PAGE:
Google wants to be your Internet

Mark Smith nanog at
Sun Jan 21 03:38:04 UTC 2007

On Sat, 20 Jan 2007 18:51:08 -0800
Roland Dobbins <rdobbins at> wrote:

> On Jan 20, 2007, at 6:14 PM, Mark Smith wrote:
> > It doesn't seem that the P2P
> > application developers are doing it, maybe because they don't care
> > because it doesn't directly impact them, or maybe because they don't
> > know how to. If squid could provide a traffic localising solution  
> > which
> > is just another traffic sink or source (e.g. a server) to an ISP,
> > rather than something that requires enabling knobs on the network
> > infrastructure for special handling or requires special traffic
> > engineering for it to work, I'd think you'd get quite a bit of
> > interest.
> I think there's interest from the consumer level, already:
> It's early days, but if this becomes the norm, then the end-users  
> themselves will end up doing the caching.

Maybe I haven't understood what that exactly does, however it seems to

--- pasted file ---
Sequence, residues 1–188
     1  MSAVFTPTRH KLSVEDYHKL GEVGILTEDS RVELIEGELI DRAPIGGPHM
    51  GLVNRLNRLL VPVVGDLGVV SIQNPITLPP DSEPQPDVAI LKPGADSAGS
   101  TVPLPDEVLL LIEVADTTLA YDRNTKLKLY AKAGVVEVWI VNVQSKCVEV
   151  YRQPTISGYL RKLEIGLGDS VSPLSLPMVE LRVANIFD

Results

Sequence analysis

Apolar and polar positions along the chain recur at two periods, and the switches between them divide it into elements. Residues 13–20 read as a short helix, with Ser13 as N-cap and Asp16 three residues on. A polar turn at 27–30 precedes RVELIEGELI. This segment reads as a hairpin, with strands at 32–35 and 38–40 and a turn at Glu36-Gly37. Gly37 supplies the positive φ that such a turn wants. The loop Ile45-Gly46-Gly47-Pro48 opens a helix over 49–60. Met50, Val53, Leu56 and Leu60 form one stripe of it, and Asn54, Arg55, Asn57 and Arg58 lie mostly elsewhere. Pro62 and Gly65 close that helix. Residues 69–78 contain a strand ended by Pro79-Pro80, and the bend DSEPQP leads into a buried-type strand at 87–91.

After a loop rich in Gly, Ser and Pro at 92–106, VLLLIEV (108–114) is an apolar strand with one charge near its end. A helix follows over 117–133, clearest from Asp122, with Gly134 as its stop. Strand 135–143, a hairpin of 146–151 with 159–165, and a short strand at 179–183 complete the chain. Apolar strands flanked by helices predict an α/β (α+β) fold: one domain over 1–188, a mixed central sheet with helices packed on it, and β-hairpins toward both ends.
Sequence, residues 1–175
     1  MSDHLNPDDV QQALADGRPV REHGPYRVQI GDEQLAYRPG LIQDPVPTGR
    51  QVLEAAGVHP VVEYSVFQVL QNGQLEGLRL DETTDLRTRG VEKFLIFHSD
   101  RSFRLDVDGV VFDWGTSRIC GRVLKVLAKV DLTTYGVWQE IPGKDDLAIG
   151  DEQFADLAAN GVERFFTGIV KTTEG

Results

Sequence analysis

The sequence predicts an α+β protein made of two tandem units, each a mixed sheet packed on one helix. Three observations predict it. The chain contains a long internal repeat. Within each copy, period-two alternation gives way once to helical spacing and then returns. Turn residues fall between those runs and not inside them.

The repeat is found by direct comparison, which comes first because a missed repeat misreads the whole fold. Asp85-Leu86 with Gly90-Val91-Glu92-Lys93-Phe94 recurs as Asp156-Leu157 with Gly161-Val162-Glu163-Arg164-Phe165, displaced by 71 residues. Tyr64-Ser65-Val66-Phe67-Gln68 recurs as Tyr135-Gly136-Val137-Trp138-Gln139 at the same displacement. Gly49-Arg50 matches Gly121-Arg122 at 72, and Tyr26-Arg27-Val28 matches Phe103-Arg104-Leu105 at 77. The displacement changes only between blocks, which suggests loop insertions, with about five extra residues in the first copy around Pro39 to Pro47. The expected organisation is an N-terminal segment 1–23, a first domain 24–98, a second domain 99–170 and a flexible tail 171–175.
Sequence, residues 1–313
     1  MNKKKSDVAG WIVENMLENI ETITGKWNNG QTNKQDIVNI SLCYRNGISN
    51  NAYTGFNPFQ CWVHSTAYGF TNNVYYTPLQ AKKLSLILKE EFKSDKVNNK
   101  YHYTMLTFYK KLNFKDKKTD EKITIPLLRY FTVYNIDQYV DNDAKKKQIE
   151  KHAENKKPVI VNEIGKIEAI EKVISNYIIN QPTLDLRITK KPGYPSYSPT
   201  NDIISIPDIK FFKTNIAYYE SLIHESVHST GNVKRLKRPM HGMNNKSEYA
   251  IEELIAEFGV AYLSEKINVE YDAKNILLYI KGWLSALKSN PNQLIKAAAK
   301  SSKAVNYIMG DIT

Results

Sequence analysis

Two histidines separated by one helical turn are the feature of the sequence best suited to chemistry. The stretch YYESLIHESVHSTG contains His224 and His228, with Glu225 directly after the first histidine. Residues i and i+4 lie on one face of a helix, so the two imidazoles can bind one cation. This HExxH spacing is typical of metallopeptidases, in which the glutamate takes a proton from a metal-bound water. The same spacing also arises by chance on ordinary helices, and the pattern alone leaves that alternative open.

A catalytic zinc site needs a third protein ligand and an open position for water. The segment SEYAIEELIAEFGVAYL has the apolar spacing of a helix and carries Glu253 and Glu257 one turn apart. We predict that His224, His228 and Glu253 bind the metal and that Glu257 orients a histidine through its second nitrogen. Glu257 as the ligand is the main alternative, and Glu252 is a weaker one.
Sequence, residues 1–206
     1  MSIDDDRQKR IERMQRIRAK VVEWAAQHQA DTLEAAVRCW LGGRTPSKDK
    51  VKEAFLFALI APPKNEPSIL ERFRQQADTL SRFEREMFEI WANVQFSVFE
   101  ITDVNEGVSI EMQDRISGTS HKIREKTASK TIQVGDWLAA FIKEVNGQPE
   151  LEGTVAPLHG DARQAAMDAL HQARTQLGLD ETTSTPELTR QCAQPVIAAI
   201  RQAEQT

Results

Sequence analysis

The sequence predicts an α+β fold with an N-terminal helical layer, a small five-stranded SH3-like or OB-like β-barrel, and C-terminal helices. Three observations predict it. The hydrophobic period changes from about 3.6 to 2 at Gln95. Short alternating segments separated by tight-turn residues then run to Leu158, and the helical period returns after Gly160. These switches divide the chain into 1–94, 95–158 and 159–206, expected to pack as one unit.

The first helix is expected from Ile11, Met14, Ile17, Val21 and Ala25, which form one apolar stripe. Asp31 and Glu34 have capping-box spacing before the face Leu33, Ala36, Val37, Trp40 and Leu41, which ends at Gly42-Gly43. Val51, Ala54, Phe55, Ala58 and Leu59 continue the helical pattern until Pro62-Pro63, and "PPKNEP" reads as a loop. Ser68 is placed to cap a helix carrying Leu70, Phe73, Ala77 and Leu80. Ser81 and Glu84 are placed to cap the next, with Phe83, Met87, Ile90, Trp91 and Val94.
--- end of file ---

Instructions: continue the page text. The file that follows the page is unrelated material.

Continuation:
me that's really just a bit-torrent client/server in the ADSL router.
Certainly having a bittorrent server in the ADSL router is unique, but
not really what I was getting at.

What I'm imagining (and I'm making some assumptions about how
bittorrent works) would be bittorrent "super" peer that :

* announces itself as a very generous provider of bittorrent fragments.
* selects which peers to offer it's generosity to, by measuring it's
network proximity of those peers. I think bittorrent uses TCP, and it
would seem to me that TCP's own round trip and througput measuring
would be a pretty good source to measuring network locality.
* This super peer could also have it's generosity announcements
restricted to certain IP address ranges etc.

Actually, thinking about it a bit more, for this device to work well it
would need to somehow be inline with the bit torrent seed URLs, so maybe
that wouldn't be feasible to have a server in the ISP's network do it.
Still, if BT peer software was modified to take into account the TCP
measurements when selecting peers, I think it would probably go a long
way towards mitigating some of the traffic problems that P2P seems to be



        "Sheep are slow and tasty, and therefore must remain constantly
                                   - Bruce Schneier, "Beyond Fear"

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